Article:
Jon Breeden will be the first to admit he’s more passionate about preserving pieces of Texas’ history than his wallet will sometimes allow.
He scraped together just enough cash to buy the John Howland Wood House in Bayside last month after visiting it once with a friend and researching it online repeatedly.
Now, he’s grappling with how to restore the 1875 structure that Hurricane Harvey literally made lean to one side.
He estimates it will cost about $2 million and take about five years.
“This is the first time I’ve ever done anything like this,” said the 36-year-old from San Antonio.
But that’s not necessarily true.
Breeden started a tiling business as a teenager and began restoring houses about 10 years ago. He still chuckles when he thinks of how his wife dubbed one of their homes “the cat pee house.”
“You actually had to wear a mask when you went in because the smell made your eyes burn,” Breeden said, “but I saw the potential, bought it and rehabbed it, and we lived in it for four years.”
Friday, the Texas Historical Commission promised Breeden and the Wood House $250,000.
The money came from about $9 million the National Park Service set aside to preserve historic places damaged by Harvey.
The Wood House was the last or the 35th place selected by the commission and received the maximum amount, said Lisa Hart, a program specialist in the agency’s architecture department.
Hart said the scope of work and financing agreements likely won’t be finalized with the park service until December, but owners such as Breeden can begin work, which may be eligible for reimbursement.
“Part of the delay in getting this program started was that so many of the state governments like Puerto Rico and the Virgin Islands just had a lot of issues to overcome,” she said. “The other was the government shut down, so there have been a lot of factors that made it a little slower rolling out.”
The Wood House’s previous owner, Michael M. Selzer, got it added to the National Register of Historic Places in 1983.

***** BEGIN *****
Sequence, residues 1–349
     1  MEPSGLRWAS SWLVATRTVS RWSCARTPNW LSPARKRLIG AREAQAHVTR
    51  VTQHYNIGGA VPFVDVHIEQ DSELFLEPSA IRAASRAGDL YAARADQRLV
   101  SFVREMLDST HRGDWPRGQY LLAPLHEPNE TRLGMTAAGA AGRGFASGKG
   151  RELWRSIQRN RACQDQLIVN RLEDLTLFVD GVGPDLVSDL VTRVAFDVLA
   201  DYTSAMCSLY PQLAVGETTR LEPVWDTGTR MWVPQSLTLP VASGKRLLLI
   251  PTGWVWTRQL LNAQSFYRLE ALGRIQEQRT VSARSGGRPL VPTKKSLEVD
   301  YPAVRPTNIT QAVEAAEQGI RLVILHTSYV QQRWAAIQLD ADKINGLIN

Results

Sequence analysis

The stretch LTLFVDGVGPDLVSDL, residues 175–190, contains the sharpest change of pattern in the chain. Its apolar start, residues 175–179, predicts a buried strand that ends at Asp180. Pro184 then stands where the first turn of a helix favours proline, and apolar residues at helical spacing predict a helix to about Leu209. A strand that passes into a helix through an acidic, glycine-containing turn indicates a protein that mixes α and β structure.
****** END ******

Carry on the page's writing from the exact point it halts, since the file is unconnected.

In his nomination letter, Selzer’s description of the house’s original owner, John Howland Wood, is reverent.
Selzer wrote that Wood was originally from New York, but when he arrived in Texas, he wasted no time in helping the state fight for its independence from Mexico.
In 1849, Wood and his wife, Nancy Clark Wood, purchased hundreds of acres from Peter Doren on which to establish a ranch. The land is where Bayside stands today. Wood started building a home there in 1870.
“Rich, exuberant detailing in the High Victorian Italianate style complements the Greek Revival massing and design of the John Howland Wood mansion in Bayside to make a dignified, impressive structure,” Selzer wrote.
Selzer also credits Wood with helping establish Rockport and said the home served as a hotel for more than 50 years.
Selzer died in 2013.
His widow, Lynnette (Hudson) Selzer, then moved to Corpus Christi, and the home sat empty until Harvey’s powerful winds ripped off siding and shingles, blew out windows and caused the home to lean over, said Tim Delaney, president of the Bayside Historical Society and editor of the Advance Guard-Press.
“Unfortunately, since it wasn’t her primary residence, she got no funding from FEMA, and of course the place was not insured,” Delaney said.
Delaney raised close to $2,000 for the home, which he gave to Lilly Wilkinson.
She and her husband, Donald, are in the business of straightening out historic homes as well as transporting them long distances.
She said in 2013, they moved the Laureles Ranch House, built sometime around 1850, from Corpus Christi to Brownsville, which the home’s original owner, Charles Stillman, helped establish.
Wilkinson said for the John Howland Wood Home, they buried telephone poles and attached cables from the poles to the house. She said they will gradually tighten the cables until the home stands straight, and they also have what are called “helical piers” braced against the telephone poles so they stay rigid.
“If for some reason that’s not enough and the house won’t budge, we’ll keep adding cables and poles until it moves,” she said.
Wilkinson said this is a $40,000 job they are doing largely for free because, like Breeden and DeLaney, they see the home’s historic value.
The process could take months, and it may not work.
“There’s always that possibility,” she said.
But everyone remains positive.
Breeden envisions letting the historical society and the community use the bottom floor and listing the top floor on Airbnb.
“I just knew I had to do something. Even though I don’t have the financial means to do it, I know there’s some way, somehow,” Breeden said.